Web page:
Whitaker helps us to remember: Prior to the widespread use of antidepressants, the National Institute of Mental Health told the public that people regularly recovered from a depressive episode, and often never experienced a second episode.30 Now we have skyrocketing rates of disability in the setting of skyrocketing prescriptions. Whitaker has compiled and analyzed data demonstrating that days of work lost are increased by medication treatment as is long-term disability (19% vs 9%),31 3-7 times the incidence of loss of “principal social role” and “incapacitation,”32 with treated illness, and that 85% of unmedicated patients recover in a year, with 67%33 doing so by 6 months – an enviable statistic.
What has happened here? Since its 1952 inception and notorious inclusion of homosexuality as a diagnosable syndrome, the Diagnostic and Statistical Manual has now ballooned to more than 300 diagnoses in its fifth edition, all arrived at through general consensus of a committee consisting of practitioners with conflicts of interest34 and pharmaceutical enmeshments. Allen Frances at Columbia states:
“Wholesale imperial medicalization of normality that will trivialize mental disorder and lead to a deluge of unneeded medication treatment – a bonanza for the pharmaceutical industry but at a huge cost to the new false positive patients caught in the excessively wide DSM-V net.”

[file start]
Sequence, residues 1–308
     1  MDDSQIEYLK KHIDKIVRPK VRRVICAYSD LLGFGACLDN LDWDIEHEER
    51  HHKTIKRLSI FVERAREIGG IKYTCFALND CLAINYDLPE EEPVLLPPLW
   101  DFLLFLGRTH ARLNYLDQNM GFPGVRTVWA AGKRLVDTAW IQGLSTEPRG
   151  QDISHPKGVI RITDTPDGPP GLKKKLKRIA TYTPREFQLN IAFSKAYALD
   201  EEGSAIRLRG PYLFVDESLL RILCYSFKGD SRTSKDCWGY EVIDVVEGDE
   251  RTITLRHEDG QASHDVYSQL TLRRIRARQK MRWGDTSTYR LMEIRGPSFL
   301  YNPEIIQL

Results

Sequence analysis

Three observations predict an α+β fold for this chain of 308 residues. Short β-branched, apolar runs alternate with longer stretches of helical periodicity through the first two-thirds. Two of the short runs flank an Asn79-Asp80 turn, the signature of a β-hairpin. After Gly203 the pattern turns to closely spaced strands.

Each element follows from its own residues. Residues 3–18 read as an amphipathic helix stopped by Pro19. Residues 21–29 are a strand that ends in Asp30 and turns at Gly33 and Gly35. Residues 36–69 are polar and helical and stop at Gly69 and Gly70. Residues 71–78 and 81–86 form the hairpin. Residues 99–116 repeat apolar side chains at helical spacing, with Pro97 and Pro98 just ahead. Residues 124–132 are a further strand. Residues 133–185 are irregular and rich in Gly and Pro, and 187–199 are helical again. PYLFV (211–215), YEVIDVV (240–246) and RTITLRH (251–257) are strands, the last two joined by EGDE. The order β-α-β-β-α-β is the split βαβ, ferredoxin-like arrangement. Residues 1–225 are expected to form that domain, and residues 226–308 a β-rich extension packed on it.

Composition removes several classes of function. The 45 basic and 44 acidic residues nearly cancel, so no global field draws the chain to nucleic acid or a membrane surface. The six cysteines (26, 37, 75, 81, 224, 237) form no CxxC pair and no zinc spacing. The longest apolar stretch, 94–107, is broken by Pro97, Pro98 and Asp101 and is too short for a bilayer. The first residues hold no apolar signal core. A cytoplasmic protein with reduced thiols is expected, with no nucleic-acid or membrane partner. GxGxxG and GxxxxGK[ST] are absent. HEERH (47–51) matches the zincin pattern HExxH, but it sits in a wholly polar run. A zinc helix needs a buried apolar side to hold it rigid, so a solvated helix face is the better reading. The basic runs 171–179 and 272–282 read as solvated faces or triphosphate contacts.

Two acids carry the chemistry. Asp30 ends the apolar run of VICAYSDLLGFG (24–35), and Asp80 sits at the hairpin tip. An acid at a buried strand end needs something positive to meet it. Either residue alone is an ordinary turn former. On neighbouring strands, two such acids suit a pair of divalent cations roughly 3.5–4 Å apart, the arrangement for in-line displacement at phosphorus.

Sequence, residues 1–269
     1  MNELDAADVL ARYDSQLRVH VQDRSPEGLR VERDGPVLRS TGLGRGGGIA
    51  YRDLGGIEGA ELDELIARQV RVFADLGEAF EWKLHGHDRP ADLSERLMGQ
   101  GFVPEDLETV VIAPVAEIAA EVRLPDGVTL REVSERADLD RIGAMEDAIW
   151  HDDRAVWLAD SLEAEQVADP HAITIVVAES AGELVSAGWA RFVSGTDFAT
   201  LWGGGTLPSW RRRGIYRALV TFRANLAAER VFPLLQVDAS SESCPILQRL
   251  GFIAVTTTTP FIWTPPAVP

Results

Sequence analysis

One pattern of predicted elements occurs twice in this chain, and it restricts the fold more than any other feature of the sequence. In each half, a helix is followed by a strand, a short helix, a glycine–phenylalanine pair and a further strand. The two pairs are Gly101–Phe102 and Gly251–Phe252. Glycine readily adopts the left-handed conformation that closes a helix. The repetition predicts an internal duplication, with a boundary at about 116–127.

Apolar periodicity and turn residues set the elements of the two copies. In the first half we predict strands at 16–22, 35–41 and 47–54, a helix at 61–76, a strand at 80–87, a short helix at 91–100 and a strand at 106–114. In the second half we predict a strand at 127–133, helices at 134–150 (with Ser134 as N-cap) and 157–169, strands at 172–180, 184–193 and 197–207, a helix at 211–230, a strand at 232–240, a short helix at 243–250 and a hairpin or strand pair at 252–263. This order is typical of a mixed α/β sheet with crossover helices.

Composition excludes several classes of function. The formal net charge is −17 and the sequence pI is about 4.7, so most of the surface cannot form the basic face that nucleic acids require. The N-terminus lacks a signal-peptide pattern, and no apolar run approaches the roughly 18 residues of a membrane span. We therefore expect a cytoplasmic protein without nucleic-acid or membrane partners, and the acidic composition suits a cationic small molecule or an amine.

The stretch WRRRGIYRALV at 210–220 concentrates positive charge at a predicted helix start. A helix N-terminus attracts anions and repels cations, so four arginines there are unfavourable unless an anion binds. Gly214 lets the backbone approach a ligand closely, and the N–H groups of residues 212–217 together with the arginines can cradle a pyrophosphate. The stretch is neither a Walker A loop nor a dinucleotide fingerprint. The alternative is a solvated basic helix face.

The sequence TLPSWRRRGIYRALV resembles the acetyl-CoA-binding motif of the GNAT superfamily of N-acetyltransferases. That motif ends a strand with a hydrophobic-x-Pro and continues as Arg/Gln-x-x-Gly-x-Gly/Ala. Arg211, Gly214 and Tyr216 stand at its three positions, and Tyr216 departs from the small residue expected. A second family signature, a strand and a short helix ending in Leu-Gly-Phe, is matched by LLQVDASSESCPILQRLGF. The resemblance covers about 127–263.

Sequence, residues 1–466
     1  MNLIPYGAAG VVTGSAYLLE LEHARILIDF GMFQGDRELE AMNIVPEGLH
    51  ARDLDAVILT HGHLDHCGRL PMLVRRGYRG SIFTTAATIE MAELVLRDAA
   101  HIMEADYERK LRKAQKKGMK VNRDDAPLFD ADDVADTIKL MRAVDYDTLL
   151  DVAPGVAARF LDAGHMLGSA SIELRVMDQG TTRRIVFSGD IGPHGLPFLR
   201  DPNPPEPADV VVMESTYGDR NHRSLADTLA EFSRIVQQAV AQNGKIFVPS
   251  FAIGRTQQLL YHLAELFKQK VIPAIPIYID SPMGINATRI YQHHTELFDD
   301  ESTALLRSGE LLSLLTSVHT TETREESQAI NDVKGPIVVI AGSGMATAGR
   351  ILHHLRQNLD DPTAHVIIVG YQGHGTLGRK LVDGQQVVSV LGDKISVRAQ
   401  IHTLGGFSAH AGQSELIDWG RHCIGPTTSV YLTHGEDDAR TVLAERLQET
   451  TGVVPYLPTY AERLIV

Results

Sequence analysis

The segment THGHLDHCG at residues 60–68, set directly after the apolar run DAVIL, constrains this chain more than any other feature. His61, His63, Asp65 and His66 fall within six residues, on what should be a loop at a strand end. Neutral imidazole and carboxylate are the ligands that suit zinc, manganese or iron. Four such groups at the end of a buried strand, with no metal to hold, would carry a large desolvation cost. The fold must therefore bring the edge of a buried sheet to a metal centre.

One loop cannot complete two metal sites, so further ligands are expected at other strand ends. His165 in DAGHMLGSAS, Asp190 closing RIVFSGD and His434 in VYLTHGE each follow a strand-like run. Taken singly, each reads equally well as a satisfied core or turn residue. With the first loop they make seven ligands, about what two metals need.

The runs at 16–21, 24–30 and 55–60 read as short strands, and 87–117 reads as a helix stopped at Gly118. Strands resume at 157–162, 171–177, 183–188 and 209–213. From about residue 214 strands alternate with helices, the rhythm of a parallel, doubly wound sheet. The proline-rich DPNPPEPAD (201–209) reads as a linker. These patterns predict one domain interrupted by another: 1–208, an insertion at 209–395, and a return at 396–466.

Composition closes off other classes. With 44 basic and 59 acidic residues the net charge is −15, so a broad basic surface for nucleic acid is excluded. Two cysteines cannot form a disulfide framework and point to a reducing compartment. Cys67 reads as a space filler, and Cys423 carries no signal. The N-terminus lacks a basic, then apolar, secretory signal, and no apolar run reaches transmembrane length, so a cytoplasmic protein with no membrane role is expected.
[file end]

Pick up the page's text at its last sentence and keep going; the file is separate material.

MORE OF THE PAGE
We need to break the populace out of its spell, reject the serotonin meme, and start looking at depression (and anxiety, and bipolar, and schizophrenia, and OCD, etc) for what they are – disparate expressions of a body struggling to adapt to a stressor. We need to identify vulnerabilities, modifiable exposures, and support basic cellular function, detox, and immune response. This is personalized medicine, where these abstract labels become meaningless because they only address the “what” of the symptoms” in an impressionistic, non-specific manner. One as helpful as saying the fever is the disease, and Tylenol the cure. Psychiatry’s swan song has been sung…listen for its plaintive wail.
About the Author